Farmscape for January 10, 2023
The Executive Director of the Swine Health Information Center suggests the development of an effective commercially producible vaccine that can be differentiated will be a key part of any effort to eradicate African Swine Fever.
The Swine Health Information Center's January global swine disease surveillance report indicates African Swine Fever has broken in Czechoslovakia and continues to move in Poland, and Germany and is still present in the western hemisphere in the Dominican Republic and Haiti on the island of Hispaniola.
Dr. Paul Sundberg, the Executive Director of the Swine Health Information Center and a member of the Swine Innovation Porc Coordinated African Swine Fever Research Working Group, says eradication of ASF is something that's still a long way off.
Clip-Dr. Paul Sundberg-Swine Health Information Center:
One of the very big challenges that we have is still not having a commercially producible vaccine that is effective, it's safe as well as a vaccinated pig can be differentiated from a pig that had a wild virus infection.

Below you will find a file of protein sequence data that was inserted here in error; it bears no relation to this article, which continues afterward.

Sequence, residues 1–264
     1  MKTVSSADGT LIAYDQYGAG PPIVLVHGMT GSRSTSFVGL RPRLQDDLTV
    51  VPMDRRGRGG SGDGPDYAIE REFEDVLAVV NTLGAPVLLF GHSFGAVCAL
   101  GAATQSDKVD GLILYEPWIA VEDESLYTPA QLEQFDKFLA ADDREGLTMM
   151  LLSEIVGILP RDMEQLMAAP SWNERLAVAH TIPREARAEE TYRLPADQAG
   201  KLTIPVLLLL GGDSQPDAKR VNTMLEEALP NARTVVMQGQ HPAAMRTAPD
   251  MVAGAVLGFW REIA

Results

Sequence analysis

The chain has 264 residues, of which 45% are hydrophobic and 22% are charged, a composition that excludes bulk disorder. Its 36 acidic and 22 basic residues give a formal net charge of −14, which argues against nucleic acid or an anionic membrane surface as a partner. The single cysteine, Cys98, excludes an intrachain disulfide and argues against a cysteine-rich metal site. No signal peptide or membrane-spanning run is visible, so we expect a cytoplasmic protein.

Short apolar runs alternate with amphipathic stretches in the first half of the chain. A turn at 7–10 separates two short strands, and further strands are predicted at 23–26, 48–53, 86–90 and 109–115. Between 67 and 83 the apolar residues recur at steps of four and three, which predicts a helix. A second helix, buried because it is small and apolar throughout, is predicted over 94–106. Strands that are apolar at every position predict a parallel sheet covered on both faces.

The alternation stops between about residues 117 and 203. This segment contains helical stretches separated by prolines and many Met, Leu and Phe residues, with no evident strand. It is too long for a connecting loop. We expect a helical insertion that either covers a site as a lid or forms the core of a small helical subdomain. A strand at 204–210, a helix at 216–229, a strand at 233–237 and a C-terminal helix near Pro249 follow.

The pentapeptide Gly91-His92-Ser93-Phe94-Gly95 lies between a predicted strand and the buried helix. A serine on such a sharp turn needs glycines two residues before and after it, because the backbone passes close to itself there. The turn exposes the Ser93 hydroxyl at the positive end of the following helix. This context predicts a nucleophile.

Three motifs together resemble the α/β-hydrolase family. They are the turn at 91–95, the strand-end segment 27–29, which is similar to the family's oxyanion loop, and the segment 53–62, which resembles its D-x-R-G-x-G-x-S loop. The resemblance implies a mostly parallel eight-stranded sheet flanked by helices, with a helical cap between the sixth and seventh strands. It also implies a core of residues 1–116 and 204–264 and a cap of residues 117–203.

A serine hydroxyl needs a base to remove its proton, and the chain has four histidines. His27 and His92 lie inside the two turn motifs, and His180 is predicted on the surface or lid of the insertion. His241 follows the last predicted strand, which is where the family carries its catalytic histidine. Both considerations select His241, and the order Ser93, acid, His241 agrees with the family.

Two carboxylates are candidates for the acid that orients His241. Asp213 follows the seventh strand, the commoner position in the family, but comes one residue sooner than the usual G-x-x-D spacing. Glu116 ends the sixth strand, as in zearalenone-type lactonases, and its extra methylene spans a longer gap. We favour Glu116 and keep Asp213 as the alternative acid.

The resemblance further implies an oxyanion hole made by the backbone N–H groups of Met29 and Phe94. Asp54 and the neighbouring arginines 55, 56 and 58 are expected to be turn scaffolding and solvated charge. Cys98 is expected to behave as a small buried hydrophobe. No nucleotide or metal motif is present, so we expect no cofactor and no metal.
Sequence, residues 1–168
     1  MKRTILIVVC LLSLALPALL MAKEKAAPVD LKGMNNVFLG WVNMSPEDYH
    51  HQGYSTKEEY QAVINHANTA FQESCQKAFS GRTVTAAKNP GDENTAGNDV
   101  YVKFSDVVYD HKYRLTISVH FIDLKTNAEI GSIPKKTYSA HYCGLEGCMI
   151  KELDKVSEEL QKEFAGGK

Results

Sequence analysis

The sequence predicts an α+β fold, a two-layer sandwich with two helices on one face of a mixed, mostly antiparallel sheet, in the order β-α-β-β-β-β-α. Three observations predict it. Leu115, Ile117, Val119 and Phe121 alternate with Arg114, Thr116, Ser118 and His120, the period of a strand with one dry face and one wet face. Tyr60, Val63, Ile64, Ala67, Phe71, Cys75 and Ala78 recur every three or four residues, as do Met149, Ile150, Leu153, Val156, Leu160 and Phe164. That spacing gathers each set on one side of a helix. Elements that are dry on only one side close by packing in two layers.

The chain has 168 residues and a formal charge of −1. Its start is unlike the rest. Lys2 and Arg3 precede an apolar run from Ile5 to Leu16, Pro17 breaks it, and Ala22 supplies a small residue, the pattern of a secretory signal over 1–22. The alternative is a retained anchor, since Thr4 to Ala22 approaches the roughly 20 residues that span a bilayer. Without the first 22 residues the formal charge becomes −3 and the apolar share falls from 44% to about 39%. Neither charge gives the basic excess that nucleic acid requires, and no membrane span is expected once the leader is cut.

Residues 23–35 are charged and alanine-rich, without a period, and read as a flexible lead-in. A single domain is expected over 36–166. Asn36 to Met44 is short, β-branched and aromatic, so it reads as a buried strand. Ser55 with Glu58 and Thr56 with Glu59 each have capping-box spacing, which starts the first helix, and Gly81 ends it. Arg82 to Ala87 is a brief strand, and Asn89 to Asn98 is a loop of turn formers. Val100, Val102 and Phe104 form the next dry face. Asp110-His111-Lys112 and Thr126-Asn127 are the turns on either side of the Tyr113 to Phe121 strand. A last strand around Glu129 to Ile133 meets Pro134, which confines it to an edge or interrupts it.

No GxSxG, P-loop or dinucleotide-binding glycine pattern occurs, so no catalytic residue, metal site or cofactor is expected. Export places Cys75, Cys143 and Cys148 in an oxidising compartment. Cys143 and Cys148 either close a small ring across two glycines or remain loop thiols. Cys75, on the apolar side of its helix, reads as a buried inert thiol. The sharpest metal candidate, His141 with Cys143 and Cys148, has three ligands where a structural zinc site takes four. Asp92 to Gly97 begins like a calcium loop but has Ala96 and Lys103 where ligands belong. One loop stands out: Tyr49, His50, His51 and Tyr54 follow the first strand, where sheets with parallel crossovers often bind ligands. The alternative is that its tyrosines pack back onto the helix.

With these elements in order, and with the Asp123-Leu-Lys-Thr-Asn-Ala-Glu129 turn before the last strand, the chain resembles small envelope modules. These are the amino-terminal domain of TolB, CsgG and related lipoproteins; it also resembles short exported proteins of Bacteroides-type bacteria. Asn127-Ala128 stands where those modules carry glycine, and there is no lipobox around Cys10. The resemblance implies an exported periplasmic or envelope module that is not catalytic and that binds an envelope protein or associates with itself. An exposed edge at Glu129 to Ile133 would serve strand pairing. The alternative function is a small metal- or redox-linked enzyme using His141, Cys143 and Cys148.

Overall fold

Those are still aspirational goals.
We haven't gotten there yet.
There are prototype vaccines that are under development.
There's one in Vietnam that is being tested but even that vaccine is not able to be produced at a commercial scale at this point.
It still has very limited production capability so it's not going to widely available and it will most probably be a vaccine that could be used only regionally or within Vietnam, in that area at least.
So, eradicating ASF in eastern Europe as well as in other areas around the world still is very much aspirational.
It still is of high interest but I think we're a long way away from that.
Meanwhile Dr. Sundberg suggests pork producers in North America need to do everything they can do to keep ASF off of their farms in the event the virus does get into North America.
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